JG - Gov't confirms London suicide bomber suspect was born in Jamaica
Gov't confirms London suicide bomber suspect was born in Jamaica
published: Sunday July 17, 2005
MINISTER OF Information Burchell Whiteman confirmed yesterday that Germaine Maurice Lindsay, a suspected suicide bomber in last week's London bombings, was born in Jamaica.
Also yesterday, Scotland Yard officially confirmed him as a suspect in attacks on London's transport system that killed 53 people on Thursday July 7.
"The person who has been identified by name in certain reports coming out of the United Kingdom is a person with Jamaican parentage, a Jamaican mother and certainly born in Jamaica," said Mr. Whiteman.
Mr. Whiteman told the Jamaica Information Service (JIS) that government had data on his birth-date and birthplace and other background information that could be provided to British investigators.
"The question," continued Mr. Whiteman was that, "is nationality of any real value in this matter? It does seem to me now that the focus should really be getting to the answers of the questions posed by the head of the British anti-terrorist branch who was asking who committed the attack, who supported them, who financed them, who trained them and who encouraged them."
LEFT JA AT AGE FIVE MONTHS
On Friday, Nigel Lindsay, who is believed to be his father, said in a radio interview, that his son was born on September 23 1985, before leaving for the U.K. in 1986 when he was five months old.
Mr. Lindsay said it was not fair to link his actions with Jamaica as there was "no influence from Jamaica at all", in his son's actions. Instead said Mr. Lindsay, his son "would've been better off staying in Jamaica since birth."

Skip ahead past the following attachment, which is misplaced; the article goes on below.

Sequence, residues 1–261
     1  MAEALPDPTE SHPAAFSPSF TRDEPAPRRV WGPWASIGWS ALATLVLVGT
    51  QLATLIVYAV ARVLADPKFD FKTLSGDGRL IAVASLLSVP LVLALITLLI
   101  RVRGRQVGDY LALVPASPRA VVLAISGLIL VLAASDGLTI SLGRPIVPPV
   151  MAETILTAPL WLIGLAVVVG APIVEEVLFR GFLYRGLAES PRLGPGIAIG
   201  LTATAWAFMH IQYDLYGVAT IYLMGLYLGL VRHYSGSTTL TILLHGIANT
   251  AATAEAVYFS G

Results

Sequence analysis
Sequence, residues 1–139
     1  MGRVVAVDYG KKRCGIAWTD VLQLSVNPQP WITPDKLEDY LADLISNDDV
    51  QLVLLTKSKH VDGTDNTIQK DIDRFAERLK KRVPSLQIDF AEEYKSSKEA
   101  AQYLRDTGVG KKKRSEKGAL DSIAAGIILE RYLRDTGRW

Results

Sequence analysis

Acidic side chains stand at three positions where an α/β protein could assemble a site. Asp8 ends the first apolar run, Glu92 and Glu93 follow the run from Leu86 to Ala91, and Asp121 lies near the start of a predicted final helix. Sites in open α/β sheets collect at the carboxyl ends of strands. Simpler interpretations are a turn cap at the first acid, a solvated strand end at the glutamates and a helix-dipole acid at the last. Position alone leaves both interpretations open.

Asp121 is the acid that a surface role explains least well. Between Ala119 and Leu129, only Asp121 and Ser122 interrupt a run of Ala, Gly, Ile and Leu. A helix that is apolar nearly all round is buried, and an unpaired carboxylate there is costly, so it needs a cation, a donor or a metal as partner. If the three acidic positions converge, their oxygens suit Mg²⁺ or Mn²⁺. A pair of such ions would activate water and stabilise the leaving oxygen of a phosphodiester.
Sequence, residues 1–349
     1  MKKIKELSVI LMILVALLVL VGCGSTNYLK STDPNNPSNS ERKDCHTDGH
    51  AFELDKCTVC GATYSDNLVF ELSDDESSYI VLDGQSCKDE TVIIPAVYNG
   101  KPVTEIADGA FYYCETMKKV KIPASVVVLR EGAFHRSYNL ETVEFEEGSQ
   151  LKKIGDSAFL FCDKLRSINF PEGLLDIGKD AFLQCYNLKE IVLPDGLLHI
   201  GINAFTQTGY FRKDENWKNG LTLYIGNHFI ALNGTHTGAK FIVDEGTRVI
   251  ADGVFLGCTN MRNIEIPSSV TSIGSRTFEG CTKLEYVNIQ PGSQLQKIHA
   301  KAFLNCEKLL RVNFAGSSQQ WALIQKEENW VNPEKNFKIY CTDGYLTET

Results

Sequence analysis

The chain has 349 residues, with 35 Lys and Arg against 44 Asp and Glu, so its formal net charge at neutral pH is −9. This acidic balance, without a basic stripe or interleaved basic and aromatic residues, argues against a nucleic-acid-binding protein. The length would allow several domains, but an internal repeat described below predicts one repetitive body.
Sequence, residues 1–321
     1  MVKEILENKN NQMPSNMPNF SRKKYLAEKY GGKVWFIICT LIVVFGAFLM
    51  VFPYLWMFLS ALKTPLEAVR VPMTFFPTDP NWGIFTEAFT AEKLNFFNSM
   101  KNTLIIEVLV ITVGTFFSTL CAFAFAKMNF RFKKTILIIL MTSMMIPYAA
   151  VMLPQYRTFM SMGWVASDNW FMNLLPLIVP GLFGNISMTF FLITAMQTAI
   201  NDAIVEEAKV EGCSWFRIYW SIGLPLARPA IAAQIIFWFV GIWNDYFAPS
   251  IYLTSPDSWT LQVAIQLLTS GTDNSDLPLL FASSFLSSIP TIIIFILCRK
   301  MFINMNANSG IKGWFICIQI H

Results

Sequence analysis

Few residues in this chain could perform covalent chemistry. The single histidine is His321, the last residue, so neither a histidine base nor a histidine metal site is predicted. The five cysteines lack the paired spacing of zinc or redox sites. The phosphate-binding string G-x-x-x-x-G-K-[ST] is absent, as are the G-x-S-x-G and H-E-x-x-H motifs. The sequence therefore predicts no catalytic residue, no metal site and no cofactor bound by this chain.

Mr. Lindsay revealed his son had two sisters in the U.K. but would not comment on whether there were any further siblings in Jamaica.
British police yesterday released footage of the four suspected suicide bombers: Mohammed Sidique Khan, 30, Germaine Lindsay, 19, Hasib Hussain, 18, and Shahzad Tanweer, 22. They were caught on close circuit television (CCTV) at Luton train station on the day of the bomb attacks.
A statement from Scotland Yard read: "We can also now confirm the identity of a fourth man who arrived in London with the three men from West Yorkshire and then died in the explosion between King's Cross and Russell Square underground stations. He was Germaine Lindsay, aged 19. We believe that he was responsible for carrying out that attack." Formal identification of all four suspects, said the statement, would be decided by the coroner.
Lindsay becomes the fourth man with Jamaican connections to be involved in international ciminal activities. Convicted sniper Jamaican Lee Boyd Malvo and accused shoe bomber Richard Reid (of Jamaican parentage) who was overpowered by passengers on an aeroplane when he attempted to detonate an explosive device were based in the United States. In the United Kingdom Jamaican Collin Ferguson carried out an armed attack on a commuter train in which five white people died and several more were injured.